Move to a low point. Lightning hits the tallest available object, so get down low in a crouched position if you are in an exposed area.
Stay away from trees.
Avoid metal. Don’t hold onto metal items like bats, golf clubs, fishing rods, tennis rackets, or tools. Stay away from metal sheds, clotheslines, poles, and fences.
Stay away from water, including pools, lakes, puddles, and anything damp – like grass.
Don’t stand close to other people. Spread out.
Is there any sort of warning before lightning strikes?
Not necessarily, but sometimes. If you feel a tingling sensation or your hair stands on end, lightning may be about to strike. Do not lie down. Instead, crouch down, tuck your head, and cover your ears.
What should I do if I encounter a lightning storm while driving in my car?
Slow down and use extra caution. If possible, pull off the road into a safe area.
Am I safer in or out of my car?
Do not leave your vehicle during a thunderstorm. A vehicle is considered safe during a thunderstorm if it is fully enclosed with a metal top such as a hard-topped car, minivan, bus, truck, etc. While inside a safe vehicle do not use electronic devices, such as radio communications.
The storm is still raging outside. Are we safe from lightning if we stay inside the house?
Follow these indoor lightning safety tips to help keep your family safe inside while it’s storming outside:
To avoid lightning strikes, stay away from windows and doors.
If possible, unplug electronic equipment before the storm arrives. Avoid contact with electrical equipment and cords during storms.
Avoid contact with water and plumbing, including sinks, baths and faucets.
Can I talk on the telephone during an electrical storm?
Use corded telephones only for emergencies. You can use cordless or cellular phones.
I have an outside dog. Is it okay to leave him out there during a lightning storm?
Doghouses are not lightning-safe and chained animals can easily become victims of lightning strikes. You should bring your pets inside to protect them.
For help with all your electricity needs please call us, we are available and would love to be of service.
Posted By: Natasha Guernsey on July 7, 2012
I found this post about electrical fire safety on the US Fire Safety Website, it is full of great information. With this powerful information you can help prevent loss of life and property as a result of electrical fires. In addition to calling Light It Up Electric for an electrical troubleshooting visit there are quite a few things you can do to help prevent fires in your home.
“Electrical fires in our homes claim the lives of 280 Americans each year and injure 1,000 more. Some of these fires are caused by electrical system failures, but many more are caused by incorrectly installed wiring and overloaded circuits and extension cords.”
The U.S. Fire Administration (USFA) would like consumers to know that there are simple steps you can take to prevent the loss of life and property resulting from electrical fires.
During a typical year, home electrical problems account for 26,100 fires and $1 billion in property losses. About half of all residential electrical fires involve electrical wiring.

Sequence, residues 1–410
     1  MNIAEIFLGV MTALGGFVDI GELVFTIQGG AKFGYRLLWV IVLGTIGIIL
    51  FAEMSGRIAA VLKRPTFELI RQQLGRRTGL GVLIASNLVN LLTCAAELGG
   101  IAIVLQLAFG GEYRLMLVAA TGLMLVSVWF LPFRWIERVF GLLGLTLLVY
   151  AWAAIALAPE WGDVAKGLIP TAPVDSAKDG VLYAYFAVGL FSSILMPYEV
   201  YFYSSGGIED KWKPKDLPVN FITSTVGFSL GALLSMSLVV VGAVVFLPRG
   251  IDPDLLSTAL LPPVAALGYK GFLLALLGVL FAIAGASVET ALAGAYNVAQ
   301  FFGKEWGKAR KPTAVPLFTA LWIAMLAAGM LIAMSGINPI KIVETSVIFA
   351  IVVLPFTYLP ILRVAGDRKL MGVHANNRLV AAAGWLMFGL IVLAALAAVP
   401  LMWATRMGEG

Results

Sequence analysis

December and January are the most dangerous months for electrical fires. Fire deaths are highest in winter months which call for more indoor activities and increases in lighting, heating, and appliance use. The bedroom is the leading area of fire origin for residential building electrical fires. However, electrical fires that begin in the living room/family room/den areas result in the most deaths.
Most electrical distribution fires result from problems with “fixed wiring” such as faulty electrical outlets and old wiring. Problems with cords (such as extension and appliance cords), plugs, receptacles, and switches also cause many home electrical fires.
Light fixtures and lamps/light bulbs are also leading causes of electrical fires.
Many avoidable electrical fires can be traced to misuse of electric cords, such as overloading circuits, poor maintenance, and running the cords under rugs or in high traffic areas.
Routinely check your electrical appliances and wiring.
Frayed wires can cause fires. Replace all worn, old or damaged appliance cords immediately.
Replace any electrical tool if it causes even small electrical shocks, overheats, shorts out, or gives off smoke or sparks.
Keep electrical appliances away from wet floors and counters; pay special care to electrical appliances in the bathroom and kitchen.
Buy electrical products evaluated by a nationally recognized laboratory.
Keep clothes, curtains, and other potentially combustible items at least three feet from all heaters.
If an appliance has a three-prong plug, use it only in a three-slot outlet. Never force it to fit into a two-slot outlet or extension cord.
Don’t allow children to play with or around electrical appliances like space heaters, irons, and hair dryers.
Use safety closures to “child-proof” electrical outlets.
Use electrical extension cords wisely; never overload extension cords or wall sockets.
Immediately shut off, then professionally replace, light switches that are hot to the touch and lights that flicker.
Finally, having a working smoke alarm dramatically increases your chances of surviving a fire. And remember to practice a home escape plan frequently with your family.
Light It Up Electric is highly experienced in commercial and residential electrical service and repair. We proudly serve Frisco, Allen, McKinney and the surrounding area. As a member of the Better Business Bureau, we treat our customers as if they were members of our own family, and family safety is one of the most important parts of our business.